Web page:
· FLOOR ARROWS: The graphic arrows were added to map floors to help the players find their ways through potentially confusing arenas and to give the player a sense of how close to the flag room he or she might be. The rule of thumb was that the greater the distance to the flag, the more stripes or bars would follow the arrow. Exact style of arrow use varied from mapper to mapper. Study the individual maps to determine which works best for your own map. The floor arrows act like decals (if you ever built plastic model kits, these are the little graphic things that you soaked in water and then stuck on the surfaces of the model). The images will appear to be a part of the surface upon which they rest. For the arrows, you will want to build them as nodraw brushes of the proper dimension with a surface raised about 2 units above the floor or wall. For the arrow, use missionpack/proto2/bluea_dcl for the blue arrows and missionpack/proto2/reda_dcl for the red. You may have to scale and rotate the texture to get what you want. For more than three trailing bars, add additional decals and arrange to suit.
« Last Edit: November 24, 2009, 09:59:01 am by |TXC| Neon_Knight » Logged


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« Reply #1 on: November 13, 2009, 09:28:28 am »

Name a close combat situation where the shotgun fails.
In my point of view the nailgun works as medium distance weapon too and is superior to the shotgun. NG max dmg: 200
SG max dmg: 100

It can be devastating in long or narrow hallways.
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Falkland
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« Reply #2 on: November 13, 2009, 09:43:26 am »

I think that TA weapons expecially NG are strictly connected to the runes presence as designed in the original TA gameplay. It was an error integrating them in regular OA gameplays. Their introduction in TA was not only cool but it followed a logic ( much more personal/health powerups = much more powerfull and deathly weapons ... or viceversa )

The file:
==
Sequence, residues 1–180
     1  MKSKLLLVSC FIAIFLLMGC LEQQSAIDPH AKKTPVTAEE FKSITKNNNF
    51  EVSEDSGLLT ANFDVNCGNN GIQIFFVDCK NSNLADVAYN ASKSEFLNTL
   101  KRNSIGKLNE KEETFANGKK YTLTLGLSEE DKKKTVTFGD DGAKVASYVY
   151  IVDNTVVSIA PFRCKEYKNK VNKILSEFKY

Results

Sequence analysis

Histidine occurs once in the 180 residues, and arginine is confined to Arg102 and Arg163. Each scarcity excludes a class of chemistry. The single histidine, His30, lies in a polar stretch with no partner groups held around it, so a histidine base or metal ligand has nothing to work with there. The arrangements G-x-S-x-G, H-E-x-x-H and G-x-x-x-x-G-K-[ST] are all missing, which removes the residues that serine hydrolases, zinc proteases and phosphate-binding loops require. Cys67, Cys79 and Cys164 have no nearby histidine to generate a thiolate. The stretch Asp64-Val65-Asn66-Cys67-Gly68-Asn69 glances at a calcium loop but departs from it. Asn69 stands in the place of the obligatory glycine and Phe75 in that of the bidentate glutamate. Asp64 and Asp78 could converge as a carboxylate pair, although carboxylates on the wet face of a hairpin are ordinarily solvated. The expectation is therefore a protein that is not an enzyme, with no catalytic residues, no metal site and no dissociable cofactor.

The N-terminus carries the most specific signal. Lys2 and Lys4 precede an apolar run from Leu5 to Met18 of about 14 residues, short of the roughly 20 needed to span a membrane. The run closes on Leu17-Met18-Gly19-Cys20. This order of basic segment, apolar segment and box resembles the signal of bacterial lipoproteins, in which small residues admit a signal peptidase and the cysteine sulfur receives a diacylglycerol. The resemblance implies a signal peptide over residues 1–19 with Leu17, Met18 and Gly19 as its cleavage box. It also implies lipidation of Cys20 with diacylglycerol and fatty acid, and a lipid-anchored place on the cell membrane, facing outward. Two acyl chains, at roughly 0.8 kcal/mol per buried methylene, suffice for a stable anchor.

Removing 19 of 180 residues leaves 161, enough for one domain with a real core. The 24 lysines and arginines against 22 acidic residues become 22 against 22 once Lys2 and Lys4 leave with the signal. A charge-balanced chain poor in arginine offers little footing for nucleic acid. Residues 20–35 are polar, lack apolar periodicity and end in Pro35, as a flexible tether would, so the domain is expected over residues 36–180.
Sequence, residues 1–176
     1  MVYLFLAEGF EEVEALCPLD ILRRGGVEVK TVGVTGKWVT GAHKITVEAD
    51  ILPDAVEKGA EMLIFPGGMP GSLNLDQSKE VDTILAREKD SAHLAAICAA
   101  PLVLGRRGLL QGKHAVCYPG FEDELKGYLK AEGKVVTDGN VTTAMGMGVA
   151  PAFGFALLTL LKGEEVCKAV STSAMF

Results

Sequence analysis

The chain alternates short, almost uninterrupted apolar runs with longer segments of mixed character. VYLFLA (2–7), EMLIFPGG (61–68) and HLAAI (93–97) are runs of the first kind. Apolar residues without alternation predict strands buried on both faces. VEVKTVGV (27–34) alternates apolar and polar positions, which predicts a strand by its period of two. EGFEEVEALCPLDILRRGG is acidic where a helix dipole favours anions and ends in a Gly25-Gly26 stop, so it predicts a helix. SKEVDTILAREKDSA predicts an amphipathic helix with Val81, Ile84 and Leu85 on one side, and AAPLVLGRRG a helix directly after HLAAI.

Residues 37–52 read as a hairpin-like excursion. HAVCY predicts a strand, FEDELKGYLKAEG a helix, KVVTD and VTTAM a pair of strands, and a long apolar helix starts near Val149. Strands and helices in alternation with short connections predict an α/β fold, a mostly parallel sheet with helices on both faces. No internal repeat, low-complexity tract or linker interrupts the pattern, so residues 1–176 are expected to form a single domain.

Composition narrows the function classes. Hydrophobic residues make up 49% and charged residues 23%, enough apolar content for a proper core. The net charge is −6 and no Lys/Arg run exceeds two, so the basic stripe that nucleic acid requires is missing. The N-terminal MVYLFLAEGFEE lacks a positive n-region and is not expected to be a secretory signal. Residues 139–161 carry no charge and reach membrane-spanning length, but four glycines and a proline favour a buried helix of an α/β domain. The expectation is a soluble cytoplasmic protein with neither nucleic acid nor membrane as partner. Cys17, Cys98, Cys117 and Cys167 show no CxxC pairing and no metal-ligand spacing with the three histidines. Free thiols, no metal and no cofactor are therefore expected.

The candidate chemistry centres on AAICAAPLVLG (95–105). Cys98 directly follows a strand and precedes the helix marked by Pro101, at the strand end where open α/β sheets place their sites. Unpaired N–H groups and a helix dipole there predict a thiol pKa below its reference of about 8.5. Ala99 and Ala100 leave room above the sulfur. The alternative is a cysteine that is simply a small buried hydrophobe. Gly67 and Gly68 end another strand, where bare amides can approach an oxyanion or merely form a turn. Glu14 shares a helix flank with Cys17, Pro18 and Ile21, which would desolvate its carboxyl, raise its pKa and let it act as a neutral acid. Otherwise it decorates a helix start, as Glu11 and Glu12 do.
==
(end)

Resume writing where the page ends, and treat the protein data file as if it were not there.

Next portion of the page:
Having NG or CG or mines on a regular OA map where there's no runes at all has no sense IMHO unless there would be  MHs and RAs every 200 u.
« Last Edit: November 13, 2009, 09:58:50 am by Falkland » Logged
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« Reply #3 on: November 13, 2009, 10:02:10 am »

...
SG max dmg: 100
...

It's 110 hp indeed :-)
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« Reply #4 on: November 14, 2009, 04:06:46 am »

I think that TA weapons expecially NG are strictly connected to the runes presence as designed in the original TA gameplay. It was an error integrating them in regular OA gameplays.

IMHO if the mappers follow Neon_Knight's advices than the TA weapons will be limited just like the BFG, but their presence will spice up the game.
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Neon_Knight
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« Reply #5 on: September 18, 2017, 06:12:37 am »

After seeing the introduction of the Heavy Machinegun to Quake Live, and the Quake Champions weapon roster having the Super Nailgun, Super Shotgun and Heavy Machinegun as heavier versions of the starter Nailgun, Shotgun and Machinegun, I was wondering if we should treat both the Nailgun and Chaingun as "heavier" versions of the Shotgun and Machinegun in non-Rune maps.

A case could also be made of the Proxy Mine Launcher being a buffed up version of the Grenade Launcher, but I'm having my doubts with it.
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« Reply #6 on: September 18, 2017, 06:48:46 am »

I was wondering if we should treat both the Nailgun and Chaingun as "heavier" versions of the Shotgun and Machinegun in non-Rune maps.

And that would be translated into which kind of positioning/quantity in the map?

PS: I still have to read the previous posts of this old thread carefully, please excuse me in case the question above sounds stupid.
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Neon_Knight
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« Reply #7 on: September 18, 2017, 07:03:44 am »

If you have MP weapons you should place the Runes in order to counter them. In non-Rune maps, you should treat the weapons as either high-tier or superweapons.

Usually you place low-tier weapons near the player spawnpoints so they have another weapon to rely until they find stronger ones.
You place high-tier weapons in contested areas, far from spawnpoints, so players must battle for them if they want that kind of power in their hands.
You place superweapons in dangerous areas so people must risk their lives in order to get that firepower.
And the mid-tier weapons should be in between the contested areas and the spawnpoints (for example, corridors or safe areas placed far away from spawnpoints) so players don't have too much power after starting but also don't have to battle for an item which may or may not be worth the battle at all.